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Facebook’s Graph Search mastermind shares a few tech secrets

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A month after launching its vaunted Graph Search feature to much fanfare, Facebook is finally opening up a bit about how, exactly, it works. The product’s primary architect, Lars Rasmussen, took to Reddit yesterday in an Ask Me Anything session during which he elaborated (beyond what Om reported last month) on how Graph Search is built.

Of course, this being a Reddit discussion, Rasmussen answers a bunch of questions about the history of graph search, its privacy issues, his role with building Google Maps (and Wave) and his walks with Mark Zuckerberg. But here are some of the more-informative excerpts about the architecture itself.





I should point out, too, that we’ll be talking a bit about graph processing and graph databases at our Structure: Data conference next month, too. Graphs, as it turns out, are a great way to storing, processing and presenting a lot of data that has nothing to do with social connections.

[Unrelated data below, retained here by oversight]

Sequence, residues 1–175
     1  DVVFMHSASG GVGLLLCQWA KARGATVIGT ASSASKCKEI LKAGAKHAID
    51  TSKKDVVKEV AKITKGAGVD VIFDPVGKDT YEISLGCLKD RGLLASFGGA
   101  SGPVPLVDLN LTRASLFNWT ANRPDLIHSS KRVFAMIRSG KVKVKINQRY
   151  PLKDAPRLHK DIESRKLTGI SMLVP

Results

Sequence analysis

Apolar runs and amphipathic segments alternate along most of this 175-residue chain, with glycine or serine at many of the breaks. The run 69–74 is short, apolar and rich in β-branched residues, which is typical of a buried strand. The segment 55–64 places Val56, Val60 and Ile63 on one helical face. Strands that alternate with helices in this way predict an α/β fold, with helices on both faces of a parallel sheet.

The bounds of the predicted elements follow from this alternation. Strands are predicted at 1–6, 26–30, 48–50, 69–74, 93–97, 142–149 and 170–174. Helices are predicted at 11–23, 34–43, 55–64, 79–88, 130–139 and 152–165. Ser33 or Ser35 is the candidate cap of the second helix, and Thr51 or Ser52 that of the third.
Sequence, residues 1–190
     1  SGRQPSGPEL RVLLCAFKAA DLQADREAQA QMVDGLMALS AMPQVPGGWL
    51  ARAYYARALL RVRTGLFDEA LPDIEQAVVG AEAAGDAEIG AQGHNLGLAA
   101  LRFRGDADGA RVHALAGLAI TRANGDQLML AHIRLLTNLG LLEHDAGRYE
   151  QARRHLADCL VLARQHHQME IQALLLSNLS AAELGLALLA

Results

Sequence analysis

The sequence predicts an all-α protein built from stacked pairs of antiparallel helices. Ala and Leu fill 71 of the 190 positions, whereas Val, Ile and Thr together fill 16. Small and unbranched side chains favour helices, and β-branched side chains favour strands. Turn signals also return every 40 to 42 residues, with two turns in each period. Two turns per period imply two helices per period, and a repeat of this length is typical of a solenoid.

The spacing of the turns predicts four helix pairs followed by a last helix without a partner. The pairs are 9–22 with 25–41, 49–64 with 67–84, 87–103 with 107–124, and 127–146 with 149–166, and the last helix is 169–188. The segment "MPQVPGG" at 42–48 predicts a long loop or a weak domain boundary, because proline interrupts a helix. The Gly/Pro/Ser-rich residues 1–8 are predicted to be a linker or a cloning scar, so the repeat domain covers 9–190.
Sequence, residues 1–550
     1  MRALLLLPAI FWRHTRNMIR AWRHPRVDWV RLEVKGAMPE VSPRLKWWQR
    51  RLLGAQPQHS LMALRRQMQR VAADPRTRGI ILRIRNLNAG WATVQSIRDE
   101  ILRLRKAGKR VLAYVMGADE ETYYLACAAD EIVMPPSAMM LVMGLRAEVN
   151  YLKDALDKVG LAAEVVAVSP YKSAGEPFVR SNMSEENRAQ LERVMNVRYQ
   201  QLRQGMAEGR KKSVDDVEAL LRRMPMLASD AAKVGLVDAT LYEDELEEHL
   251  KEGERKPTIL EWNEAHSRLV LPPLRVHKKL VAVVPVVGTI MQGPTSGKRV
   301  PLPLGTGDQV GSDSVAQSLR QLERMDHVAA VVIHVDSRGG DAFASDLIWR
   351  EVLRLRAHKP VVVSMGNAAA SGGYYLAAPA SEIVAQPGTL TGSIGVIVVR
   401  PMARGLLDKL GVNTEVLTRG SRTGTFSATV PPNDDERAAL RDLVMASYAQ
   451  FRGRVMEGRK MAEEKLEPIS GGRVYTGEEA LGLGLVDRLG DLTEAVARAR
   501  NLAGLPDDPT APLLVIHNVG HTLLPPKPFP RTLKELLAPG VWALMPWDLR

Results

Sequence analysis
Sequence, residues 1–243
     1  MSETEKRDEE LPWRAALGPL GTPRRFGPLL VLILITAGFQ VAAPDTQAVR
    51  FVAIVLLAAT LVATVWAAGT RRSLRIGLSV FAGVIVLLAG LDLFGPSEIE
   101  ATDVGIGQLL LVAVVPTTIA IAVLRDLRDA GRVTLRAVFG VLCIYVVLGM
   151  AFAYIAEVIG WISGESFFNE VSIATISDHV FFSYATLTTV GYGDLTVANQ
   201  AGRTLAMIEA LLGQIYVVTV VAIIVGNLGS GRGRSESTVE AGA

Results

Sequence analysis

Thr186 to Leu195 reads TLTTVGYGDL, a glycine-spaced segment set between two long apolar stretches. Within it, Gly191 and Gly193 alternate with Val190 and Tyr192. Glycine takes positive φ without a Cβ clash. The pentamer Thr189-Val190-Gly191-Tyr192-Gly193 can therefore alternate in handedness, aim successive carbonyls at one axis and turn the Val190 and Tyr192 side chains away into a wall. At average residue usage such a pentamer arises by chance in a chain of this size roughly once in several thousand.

3 Responses to “Facebook’s Graph Search mastermind shares a few tech secrets”

  1. Frank Klein

    I think your friends helping you discover new things is the future of search
    but just discovering from random friends isn’t really effective

    There is a facebook recommendation engine app that is trying to help filter friends to improve discovery called recomendo.

    it recommends facebook likes for a user based on their taste and in addition.
    you can designate friends as tastemakers in specific categories and that influences what is recommended to you.